This year's team was a lot about individual improvement by players who finally got more of a spotlight and overall balance. It's not making excuses for the Blue Devils to say they overachieved to get to the position of becoming the so-called favorite for the national championship this year.
Maryland found out the hard lesson that it can be more difficult to be the hunted instead of the hunter. We kept waiting to see the Terps take off this season, but it never quite happened. Still, much of that team returns for next year and the Terps will be back to feeling as though they are "hunters" again.
How about the Big 12? The league got in six teams, but only Oklahoma made it as far as the Sweet 16, where it was run ragged by Ole Miss. The Big 12 coaches raved about the parity in the league this year, and they were right -- from the standpoint that it was often difficult to predict who was going to win night in and night out during league season. But overall, there have been years when the Big 12 had more really strong contenders for making a long NCAA run. (Not that all those teams necessarily ended up making such a run.)
Which brings us back to the SEC. We knew Tennessee was going to be in the Elite Eight because well, because. The last time that didn't happen was 2001. But third-seeded LSU, ranked No. 10 in the preseason, and No. 7 seed Mississippi, which was unranked, are the teams that have gone further than expected.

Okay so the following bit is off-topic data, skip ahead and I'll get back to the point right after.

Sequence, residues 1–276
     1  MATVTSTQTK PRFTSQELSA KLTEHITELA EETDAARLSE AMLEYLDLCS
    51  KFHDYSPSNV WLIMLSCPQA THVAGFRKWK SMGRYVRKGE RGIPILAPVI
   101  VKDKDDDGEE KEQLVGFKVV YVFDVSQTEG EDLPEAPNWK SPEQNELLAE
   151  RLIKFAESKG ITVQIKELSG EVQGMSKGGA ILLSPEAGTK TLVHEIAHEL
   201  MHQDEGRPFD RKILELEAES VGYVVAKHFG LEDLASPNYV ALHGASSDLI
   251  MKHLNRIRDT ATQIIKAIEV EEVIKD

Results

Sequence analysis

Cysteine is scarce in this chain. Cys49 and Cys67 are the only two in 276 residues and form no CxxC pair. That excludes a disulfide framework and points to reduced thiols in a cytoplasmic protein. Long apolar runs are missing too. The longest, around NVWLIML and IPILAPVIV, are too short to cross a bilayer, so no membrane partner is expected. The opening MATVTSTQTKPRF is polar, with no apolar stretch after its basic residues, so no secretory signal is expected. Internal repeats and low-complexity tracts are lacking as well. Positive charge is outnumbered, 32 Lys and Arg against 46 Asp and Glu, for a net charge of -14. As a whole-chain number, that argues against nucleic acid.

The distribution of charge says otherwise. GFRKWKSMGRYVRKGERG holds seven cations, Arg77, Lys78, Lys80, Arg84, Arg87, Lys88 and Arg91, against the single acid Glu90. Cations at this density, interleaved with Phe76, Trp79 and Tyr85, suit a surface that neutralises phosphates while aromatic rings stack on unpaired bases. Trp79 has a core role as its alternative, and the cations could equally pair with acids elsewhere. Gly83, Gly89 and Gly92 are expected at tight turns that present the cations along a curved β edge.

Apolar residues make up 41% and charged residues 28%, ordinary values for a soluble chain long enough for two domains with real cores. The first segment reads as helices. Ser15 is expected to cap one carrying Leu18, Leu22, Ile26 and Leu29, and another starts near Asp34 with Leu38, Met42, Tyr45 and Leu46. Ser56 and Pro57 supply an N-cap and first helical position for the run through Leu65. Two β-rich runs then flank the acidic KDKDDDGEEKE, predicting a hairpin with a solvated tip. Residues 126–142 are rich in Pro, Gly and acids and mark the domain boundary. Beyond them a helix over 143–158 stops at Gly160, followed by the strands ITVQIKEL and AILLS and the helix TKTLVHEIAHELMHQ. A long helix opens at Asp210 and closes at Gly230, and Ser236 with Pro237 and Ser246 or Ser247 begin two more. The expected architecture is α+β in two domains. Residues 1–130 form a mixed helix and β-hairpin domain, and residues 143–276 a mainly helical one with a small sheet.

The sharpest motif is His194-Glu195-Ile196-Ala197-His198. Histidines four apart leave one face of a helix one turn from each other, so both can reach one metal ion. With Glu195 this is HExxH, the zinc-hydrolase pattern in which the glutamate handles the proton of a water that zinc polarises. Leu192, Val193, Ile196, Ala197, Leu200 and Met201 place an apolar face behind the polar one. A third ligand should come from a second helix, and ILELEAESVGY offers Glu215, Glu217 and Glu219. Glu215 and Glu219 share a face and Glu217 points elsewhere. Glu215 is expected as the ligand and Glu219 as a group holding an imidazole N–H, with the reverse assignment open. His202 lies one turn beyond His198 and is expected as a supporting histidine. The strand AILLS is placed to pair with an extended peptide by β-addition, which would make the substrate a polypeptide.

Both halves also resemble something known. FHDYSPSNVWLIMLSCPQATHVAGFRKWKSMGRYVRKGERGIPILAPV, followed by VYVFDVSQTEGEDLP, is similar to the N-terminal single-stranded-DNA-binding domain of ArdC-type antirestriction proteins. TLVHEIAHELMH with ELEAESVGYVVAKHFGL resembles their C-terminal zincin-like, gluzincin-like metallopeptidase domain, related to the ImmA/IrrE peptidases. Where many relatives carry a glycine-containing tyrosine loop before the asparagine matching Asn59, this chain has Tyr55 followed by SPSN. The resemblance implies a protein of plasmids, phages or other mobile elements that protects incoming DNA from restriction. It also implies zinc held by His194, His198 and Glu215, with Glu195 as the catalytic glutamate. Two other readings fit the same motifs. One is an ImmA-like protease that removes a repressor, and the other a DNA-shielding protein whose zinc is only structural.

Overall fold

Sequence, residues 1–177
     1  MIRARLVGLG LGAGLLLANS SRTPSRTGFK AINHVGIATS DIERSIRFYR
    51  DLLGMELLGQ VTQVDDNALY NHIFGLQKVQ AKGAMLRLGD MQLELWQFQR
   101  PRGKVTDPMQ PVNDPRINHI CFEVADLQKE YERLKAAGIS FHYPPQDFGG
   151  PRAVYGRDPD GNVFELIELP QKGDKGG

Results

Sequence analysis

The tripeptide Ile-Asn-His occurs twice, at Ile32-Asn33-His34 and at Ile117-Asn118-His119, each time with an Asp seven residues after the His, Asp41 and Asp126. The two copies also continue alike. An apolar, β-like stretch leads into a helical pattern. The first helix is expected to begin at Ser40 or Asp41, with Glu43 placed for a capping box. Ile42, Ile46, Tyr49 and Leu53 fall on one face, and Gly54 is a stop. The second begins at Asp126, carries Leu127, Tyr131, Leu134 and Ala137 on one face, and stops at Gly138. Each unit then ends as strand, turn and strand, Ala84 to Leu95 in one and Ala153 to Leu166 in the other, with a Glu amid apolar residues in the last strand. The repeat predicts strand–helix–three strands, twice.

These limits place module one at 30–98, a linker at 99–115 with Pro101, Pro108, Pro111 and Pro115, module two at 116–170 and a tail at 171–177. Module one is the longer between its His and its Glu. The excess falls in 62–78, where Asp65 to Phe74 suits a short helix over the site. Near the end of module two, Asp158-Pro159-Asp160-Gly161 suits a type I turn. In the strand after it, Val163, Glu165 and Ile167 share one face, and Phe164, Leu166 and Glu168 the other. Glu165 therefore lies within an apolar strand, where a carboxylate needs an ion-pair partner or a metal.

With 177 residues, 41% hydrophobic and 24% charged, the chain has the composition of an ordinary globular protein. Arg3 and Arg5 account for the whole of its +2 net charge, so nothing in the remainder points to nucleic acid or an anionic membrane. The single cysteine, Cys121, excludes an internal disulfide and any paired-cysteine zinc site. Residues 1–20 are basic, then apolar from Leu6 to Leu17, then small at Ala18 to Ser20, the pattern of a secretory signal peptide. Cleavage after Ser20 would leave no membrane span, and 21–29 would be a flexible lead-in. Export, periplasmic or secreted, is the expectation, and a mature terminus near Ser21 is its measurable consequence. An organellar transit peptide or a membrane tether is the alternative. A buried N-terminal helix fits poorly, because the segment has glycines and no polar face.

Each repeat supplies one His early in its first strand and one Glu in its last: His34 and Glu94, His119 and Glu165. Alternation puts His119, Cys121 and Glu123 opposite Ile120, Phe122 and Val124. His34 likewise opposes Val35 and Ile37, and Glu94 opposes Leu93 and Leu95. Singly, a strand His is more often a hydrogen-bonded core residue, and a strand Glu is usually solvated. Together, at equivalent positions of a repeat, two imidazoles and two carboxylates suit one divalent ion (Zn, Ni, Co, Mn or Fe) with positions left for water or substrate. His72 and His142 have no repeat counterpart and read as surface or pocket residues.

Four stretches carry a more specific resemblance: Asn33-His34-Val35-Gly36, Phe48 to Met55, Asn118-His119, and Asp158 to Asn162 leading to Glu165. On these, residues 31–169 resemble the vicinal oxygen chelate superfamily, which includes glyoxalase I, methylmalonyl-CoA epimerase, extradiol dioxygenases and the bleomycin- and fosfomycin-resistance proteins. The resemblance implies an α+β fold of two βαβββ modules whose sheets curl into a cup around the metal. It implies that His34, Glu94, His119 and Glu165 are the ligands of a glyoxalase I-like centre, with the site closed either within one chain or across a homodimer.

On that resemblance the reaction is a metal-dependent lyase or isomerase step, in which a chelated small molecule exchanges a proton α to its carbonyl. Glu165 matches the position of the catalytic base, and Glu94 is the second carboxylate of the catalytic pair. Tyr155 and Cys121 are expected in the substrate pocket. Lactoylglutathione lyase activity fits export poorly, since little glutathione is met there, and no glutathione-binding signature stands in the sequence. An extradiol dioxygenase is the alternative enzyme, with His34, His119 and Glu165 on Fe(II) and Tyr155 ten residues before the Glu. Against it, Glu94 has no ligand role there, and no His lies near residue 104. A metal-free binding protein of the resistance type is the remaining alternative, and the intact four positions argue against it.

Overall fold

LSU was coming off three straight Final Four appearances but had lost superstar Seimone Augustus (no one had any inkling what else LSU would have to go through this season).
And Ole Miss had been off the national radar for a long time, even if star senior guard Armintie Price was a known commodity. When you see how Carol Ross' team has performed in back-to-back NCAA Tournament games against Maryland and Oklahoma, you wonder how it lost 10 games this season.
Had Georgia beaten Purdue on Sunday night, the SEC would have made up half of the Elite Eight and really would have crowed. As it is, three of eight is still pretty darn good -- especially considering SEC tournament champion Vanderbilt isn't one of them.
The SEC really doesn't need much of a "bragging rights" boost -- not with its history. Still, the league's performance in this NCAA Tournament so far does show once again how strong this conference is -- especially at the most important time of the season.